them remain at historically high levels. Overall it expects the terms of trade to remain at

historically high levels over the next few years, coming off maybe 10% by 2013.

On a more cautionary note, Standard and Poor’s has recently expressed concern that the

current situation represents an unsustainable bubble, subject to sudden correction. It notes

 

that China has had a far more significant role in driving appreciation of commodity prices

than any other country and that a significant deceleration in China could ultimately cause the

rupture. Indeed, S&P has already incorporated a modest deceleration in Chinese growth and

a significant weakening in commodity prices into its oil and metals pricing assumptions.

Recent news from China clearly illustrates the risks. Inflation has risen to uncomfortably

high levels and the authorities are tightening policy to cool these price pressures. If

successful these actions would lead to some slowing in growth and this could be expected to

remove some froth from commodity prices and from Australia’s terms of trade.

Alternatively, if inflation in China remains high, there could be upward pressure on import

prices into Australia which would also produce some deterioration in Australia’s terms of

trade.

The trouble with unsustainable booms is that they are usually only recognised after the event,

and usually then, only after the bust.

The mining boom may last for a long time or it may not. That part of the story is out of our

hands. It is not something which keeps me awake at night - I have three small children for

that.

What does concern me though is that the long period of quality economic management has

come to an end.

In the current environment of rapid structural change there is a role for government to assist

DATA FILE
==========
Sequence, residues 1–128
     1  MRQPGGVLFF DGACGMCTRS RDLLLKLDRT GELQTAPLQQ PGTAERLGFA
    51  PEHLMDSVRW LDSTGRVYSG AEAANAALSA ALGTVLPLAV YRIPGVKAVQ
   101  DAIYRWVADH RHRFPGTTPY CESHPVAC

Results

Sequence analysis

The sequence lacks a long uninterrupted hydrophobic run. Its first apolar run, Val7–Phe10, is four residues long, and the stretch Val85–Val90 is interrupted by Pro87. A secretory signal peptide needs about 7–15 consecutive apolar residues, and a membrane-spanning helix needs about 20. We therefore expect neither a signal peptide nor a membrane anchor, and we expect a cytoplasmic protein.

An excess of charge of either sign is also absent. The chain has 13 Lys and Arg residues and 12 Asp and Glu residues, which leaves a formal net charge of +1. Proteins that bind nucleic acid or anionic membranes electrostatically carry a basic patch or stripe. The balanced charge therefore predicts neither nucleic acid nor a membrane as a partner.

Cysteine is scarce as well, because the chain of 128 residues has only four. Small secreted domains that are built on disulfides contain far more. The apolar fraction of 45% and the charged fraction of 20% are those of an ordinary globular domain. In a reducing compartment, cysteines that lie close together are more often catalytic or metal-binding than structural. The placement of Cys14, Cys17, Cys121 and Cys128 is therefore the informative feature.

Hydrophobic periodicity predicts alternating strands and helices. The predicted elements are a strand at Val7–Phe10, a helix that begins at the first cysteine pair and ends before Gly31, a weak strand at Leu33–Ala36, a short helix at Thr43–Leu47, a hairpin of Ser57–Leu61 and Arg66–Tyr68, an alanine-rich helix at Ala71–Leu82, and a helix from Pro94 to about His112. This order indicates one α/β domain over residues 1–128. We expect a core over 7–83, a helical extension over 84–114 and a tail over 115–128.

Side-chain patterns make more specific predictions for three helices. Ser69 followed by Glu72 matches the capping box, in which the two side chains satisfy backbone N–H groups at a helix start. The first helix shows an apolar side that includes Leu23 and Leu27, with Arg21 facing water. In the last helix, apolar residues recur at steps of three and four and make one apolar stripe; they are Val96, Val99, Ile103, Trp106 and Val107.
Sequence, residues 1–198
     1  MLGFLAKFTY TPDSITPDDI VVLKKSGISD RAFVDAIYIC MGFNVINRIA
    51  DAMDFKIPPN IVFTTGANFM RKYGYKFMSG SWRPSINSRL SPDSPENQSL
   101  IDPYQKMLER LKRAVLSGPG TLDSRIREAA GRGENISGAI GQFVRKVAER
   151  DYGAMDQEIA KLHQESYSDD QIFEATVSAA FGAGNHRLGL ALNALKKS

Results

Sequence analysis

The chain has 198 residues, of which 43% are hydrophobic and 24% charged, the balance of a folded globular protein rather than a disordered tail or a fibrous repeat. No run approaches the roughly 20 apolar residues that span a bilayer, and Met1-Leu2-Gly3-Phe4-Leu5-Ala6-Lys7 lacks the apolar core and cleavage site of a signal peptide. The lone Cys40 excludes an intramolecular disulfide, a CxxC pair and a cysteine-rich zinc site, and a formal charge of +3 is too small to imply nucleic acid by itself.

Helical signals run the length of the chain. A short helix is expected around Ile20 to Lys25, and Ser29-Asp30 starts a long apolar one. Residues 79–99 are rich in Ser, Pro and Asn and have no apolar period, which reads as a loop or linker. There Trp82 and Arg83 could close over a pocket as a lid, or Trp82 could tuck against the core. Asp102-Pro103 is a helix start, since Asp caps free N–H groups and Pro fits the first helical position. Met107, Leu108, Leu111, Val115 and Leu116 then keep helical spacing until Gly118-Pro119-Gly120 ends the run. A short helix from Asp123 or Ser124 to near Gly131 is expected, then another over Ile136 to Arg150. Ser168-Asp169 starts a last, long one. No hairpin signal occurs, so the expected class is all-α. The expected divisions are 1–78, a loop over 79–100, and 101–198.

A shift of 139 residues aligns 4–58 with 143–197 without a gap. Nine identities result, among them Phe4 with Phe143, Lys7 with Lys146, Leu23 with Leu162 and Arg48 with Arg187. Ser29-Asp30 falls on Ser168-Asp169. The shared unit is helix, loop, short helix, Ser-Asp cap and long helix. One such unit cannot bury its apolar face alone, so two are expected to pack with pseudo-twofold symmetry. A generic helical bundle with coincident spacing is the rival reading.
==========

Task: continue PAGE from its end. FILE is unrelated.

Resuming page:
smooth adjustment and also to ensure the benefits of change are widely spread.

In saying this I must stress that I am not an advocate for industry protection. It is

counterproductive to shield industries from change because such measures inhibit the flow of

resources to more productive activities within the economy. This makes us all the poorer.

Putting in place protection also involves the government in picking winners and losers and

governments in Australia have a very poor record in doing that.

But governments should avoid making life harder for those industries which are already

feeling stresses and strains from rapid structural change. It should avoid loading them with

additional regulations and taxes. It should avoid competing with businesses for scarce funds

in the capital markets. It should avoid being overly prescriptive in labour markets.

Unfortunately this Labor government does not understand this.

 

This Labor government, under both Rudd and Gillard, believes in big government. It

believes government knows better than business and individuals how best to conduct their

affairs.

Labor sees business as the enemy which can’t be trusted to deliver services and out of which

every last drop of tax must be squeezed.

Labor is implementing its agenda by increasing government expenditure, funded by increased

debt and increased taxation. It is taking over functions that properly belong in the private

sector. And it is increasing regulation and winding back previous reforms.

None of this is helping business adjust to the new financial environment. Rather than

greasing the wheels of commerce, Labor is putting sand in the gears.

Let me give you some examples.

The Coalition left the ratio of government spending to GDP at a low 22.9%. Labor lifted this

to 26.2% in 2009-10, higher than in any year of the Coalition. By the end of the forward

estimates the ratio will still be a high 23.5%. And that is without the spending linked to the

carbon tax, which is not in the budget, and without the spending on the NBN, which is not

classed as “on budget” expenditure. There is no doubt this is a big spending government.

And to fund this increased spending there has been a significant increase in deficit and debt.

The last Budget showed a further blowout in the financial position. Over just this financial

year and next, the budget bottom line is worse by $18 billion compared with MYEFO only 6

months ago. Debt is higher across the forward estimates, peaking at $107 billion versus